by Jeannie Versagli, RDN, CN
Is there really a connection with nutrition and migraines? Several studies indicate that there are 21 million US women and 7 million US men over the age of 12 that suffer from migraines. Of those who suffer, 90% have a family history of migraines. A classic symptom can be one or all the following: nausea, vomiting, vision or hearing disturbances, and extreme sensitivity to light and sound.
Yes, there is a dotted line between nutrition and getting these debilitating headaches. So, what’s the connection?
A migraine is brought on by several factors, one of which is related to nutrition and a healthy lifestyle. Understanding how proper nutrition influences those at greater risk can aid in diminishing this debilitating health problem.
A diet that consists of fresh wholesome foods that include whole grains like quinoa, lean proteins, fresh fruits to include blueberries; vegetables such as carrots, sweet potatoes, collard greens, and kale; salmon, and shrimp all aid in preventing these life debilitating headaches. Consider having 5 small meals throughout the day to minimize the event of low blood sugars. Remember to stay hydrated by consuming at least 64 ounces of fluids daily, preferably water.
The list of foods below aid in the prevention of developing migraines.
- Whole grain cereals and quick breads such as pumpernickel. Omit yeast bread.
- Consume seeds such as poppy, pumpkin, sesame or sunflower. Omit nuts.
- Salad dressing should be homemade using oil and distilled white vinegar. Avoid commercially prepared salad dressings.
- Fresh Fruits except for bananas, raspberries, plums and citrus and dried fruits.
- Vegetables omitting lima bean, navy beans, onions, and sauerkraut.
- Salmon and oysters, avoid smoked fish.
- Include omega 3 fatty acids such as Brussel sprouts, walnuts, flaxseed, chia seeds, and soybeans.
Avoiding Potential food triggers
Tyramines which are found naturally in foods such as aged cheese, aged and or canned cured or processed meats; beans such as fava; pickles, beer, wines, pickled herring, yeast, coffee, citrus, and canned soups. It is postulated that individuals whom are prone to migraines may have a decreased ability to metabolize tyramine, due to a lower level of MAO (monoamine oxidase) in their liver and blood. The buildup of tyramines accounts for the migraine.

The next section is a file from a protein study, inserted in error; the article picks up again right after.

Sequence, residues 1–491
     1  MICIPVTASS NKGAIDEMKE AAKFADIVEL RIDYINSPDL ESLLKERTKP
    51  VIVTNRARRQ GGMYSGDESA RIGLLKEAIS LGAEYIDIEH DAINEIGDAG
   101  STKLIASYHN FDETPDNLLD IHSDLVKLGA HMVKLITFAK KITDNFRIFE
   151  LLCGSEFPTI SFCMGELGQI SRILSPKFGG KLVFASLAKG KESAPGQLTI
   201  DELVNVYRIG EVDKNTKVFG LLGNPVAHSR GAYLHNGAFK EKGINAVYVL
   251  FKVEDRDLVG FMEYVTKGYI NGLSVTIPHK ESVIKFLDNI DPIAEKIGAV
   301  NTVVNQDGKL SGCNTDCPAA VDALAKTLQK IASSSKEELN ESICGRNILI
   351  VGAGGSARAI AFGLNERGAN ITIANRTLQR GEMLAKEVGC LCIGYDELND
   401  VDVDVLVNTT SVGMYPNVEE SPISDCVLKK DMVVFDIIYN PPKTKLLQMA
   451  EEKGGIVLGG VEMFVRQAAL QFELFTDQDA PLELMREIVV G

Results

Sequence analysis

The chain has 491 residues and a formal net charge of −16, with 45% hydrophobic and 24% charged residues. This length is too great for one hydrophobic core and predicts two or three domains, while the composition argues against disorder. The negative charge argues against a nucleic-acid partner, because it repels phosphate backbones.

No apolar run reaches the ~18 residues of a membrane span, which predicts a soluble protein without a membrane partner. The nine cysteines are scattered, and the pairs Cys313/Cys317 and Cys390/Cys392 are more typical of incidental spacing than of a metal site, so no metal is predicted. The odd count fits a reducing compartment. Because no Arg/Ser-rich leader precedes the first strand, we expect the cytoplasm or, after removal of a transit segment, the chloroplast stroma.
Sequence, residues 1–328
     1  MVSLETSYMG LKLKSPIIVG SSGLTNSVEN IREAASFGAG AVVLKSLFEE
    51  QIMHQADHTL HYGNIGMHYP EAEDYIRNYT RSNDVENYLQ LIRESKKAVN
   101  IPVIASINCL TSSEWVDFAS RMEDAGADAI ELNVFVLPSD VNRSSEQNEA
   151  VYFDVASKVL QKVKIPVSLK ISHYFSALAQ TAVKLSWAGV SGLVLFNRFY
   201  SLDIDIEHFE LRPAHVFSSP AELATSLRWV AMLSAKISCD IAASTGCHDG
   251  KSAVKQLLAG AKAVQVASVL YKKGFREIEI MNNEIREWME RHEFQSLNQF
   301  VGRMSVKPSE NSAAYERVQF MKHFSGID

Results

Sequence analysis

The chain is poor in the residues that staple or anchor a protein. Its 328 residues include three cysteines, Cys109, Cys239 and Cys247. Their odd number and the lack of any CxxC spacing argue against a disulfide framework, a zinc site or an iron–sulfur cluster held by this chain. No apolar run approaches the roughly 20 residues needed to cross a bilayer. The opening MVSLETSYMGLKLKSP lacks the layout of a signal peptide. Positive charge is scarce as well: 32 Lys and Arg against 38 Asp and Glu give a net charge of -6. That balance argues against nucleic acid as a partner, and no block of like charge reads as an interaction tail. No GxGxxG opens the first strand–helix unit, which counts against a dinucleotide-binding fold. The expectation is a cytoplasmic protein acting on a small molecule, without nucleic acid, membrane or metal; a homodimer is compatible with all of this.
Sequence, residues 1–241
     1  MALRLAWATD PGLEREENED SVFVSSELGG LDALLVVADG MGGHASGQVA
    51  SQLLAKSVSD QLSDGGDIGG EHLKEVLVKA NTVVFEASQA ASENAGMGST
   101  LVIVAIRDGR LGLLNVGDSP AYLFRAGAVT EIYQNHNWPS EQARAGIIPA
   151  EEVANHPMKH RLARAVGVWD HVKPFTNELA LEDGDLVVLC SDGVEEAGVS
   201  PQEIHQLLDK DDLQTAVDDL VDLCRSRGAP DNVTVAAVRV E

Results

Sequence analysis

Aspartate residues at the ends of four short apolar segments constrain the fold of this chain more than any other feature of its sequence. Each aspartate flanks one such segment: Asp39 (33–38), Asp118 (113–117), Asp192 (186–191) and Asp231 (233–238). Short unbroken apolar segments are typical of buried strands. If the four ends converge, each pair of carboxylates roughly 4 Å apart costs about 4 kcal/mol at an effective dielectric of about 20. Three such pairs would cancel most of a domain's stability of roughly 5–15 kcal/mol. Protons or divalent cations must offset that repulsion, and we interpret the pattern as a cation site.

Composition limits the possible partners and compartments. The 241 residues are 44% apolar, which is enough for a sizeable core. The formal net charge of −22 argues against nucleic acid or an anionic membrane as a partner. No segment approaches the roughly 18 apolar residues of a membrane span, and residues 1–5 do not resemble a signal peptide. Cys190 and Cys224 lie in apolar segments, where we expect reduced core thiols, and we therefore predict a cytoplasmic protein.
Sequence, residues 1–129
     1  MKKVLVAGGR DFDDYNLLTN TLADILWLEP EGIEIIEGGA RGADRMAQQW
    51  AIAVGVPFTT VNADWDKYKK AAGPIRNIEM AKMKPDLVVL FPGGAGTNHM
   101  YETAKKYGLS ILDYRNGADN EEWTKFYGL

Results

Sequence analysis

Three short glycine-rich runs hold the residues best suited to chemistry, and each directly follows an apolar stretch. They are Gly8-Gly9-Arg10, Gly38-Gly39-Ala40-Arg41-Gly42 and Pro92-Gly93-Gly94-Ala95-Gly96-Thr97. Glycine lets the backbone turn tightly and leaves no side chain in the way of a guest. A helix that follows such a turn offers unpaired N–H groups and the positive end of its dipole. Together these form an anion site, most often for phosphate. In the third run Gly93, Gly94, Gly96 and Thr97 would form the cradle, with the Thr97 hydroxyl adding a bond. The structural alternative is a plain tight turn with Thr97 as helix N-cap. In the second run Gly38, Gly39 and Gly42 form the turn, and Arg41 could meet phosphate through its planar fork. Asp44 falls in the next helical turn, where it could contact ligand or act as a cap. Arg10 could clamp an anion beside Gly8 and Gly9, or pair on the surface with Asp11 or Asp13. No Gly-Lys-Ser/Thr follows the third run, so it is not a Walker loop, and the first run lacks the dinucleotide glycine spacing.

Chocolate contains Phenylethylamine, theobromine, and caffeine. These chemicals cause the headache by altering the cerebral blood flow and releasing norepinephrine.
Alcoholic beverages cause individuals to experience a migraine because the alcohol creates vasodilator effect on the cranial blood vessels. The combination of alcohol with the presence of tyramines and histamines only increase one’s chances of developing a migraine.
Nitrates and nitrites that are found in cured meats such as hot dogs, bacon, ham, salami, pepperoni, beets, lettuce, celery, spinach, broccoli, cauliflower, and potatoes can induce a migraine. Nitrites can result in lowering the amount of oxygen in the blood generating pain.
Artificial sweeteners such as aspartame and sucralose are known to trigger a migraine in individuals prone to such headaches.
Fatty Foods such as linoleic and oleic acids can be a trigger for a migraine vascular headache. Increased levels of these fatty acid levels in the blood have been found after a migraine attack, along with distention of the cranial arteries. On the other hand, omega 3 fatty acids have proven to prevent migraines from occurring. These fatty acids are thought to have a stabilizing effect on nerve cell membranes making them more resistant to the migraine mechanism.
MSG, a flavor enhancer used in many foods, is known to trigger a migraine. Migraines usually will occur 15 to 60 minutes after ingesting MSG on an empty stomach.
Hunger and Hypoglycemia (low blood sugar) are a result of irregular eating patterns throughout the day. Studies indicate that 50 % of migraines occur after 16 hours of no food. Altered levels of serotonin and norepinephrine and the dilation of blood vessels around the brain are the probable mechanisms of these headaches. On the flip side, an aggressive intake of carbohydrate ingestion can result in a vascular headache due to the rapid insulin secretion and the reactive effect of the lowering of the blood sugar.
Dehydration or lack of adequate daily fluids can result in triggering a migraine. It is important for each of us to know our hydration needs. A quick guide is to include 64 ounces of water daily. Understanding this is the minimum. Don’t forget to consider exercise and the need to increase water consumption to stay adequately hydrated.
Caffeine recommendations are for no more than 200 mg per day to avoid triggering a migraine.
Food sensitivities and or allergies can cause inflammation resulting in migraines.
Each person is unique and often it is not as cut and dry to identify the causes and or sources of the migraines. If you follow the general recommendation stated in the article and still suffer from getting migraines, perhaps you should discuss taking the MRT blood test with your doctor. This test identifies at least 120 foods and their chemical components that may lead to inflammation in the body resulting in a migraine.
Consuming a healthy diet is just one component in managing migraines. Decreasing stress in your life, incorporating exercise, and getting the recommended hours of sleep, all contribute to your wellbeing. Even changes in atmospheric pressure, the season, altitude and storms can trigger a migraine. Knowing all the factors that can influence this devastating pain, it is recommended to focus on things that you have control over. Understanding how nutrition can significantly influence the outcome of migraines is important in managing your path to wellness.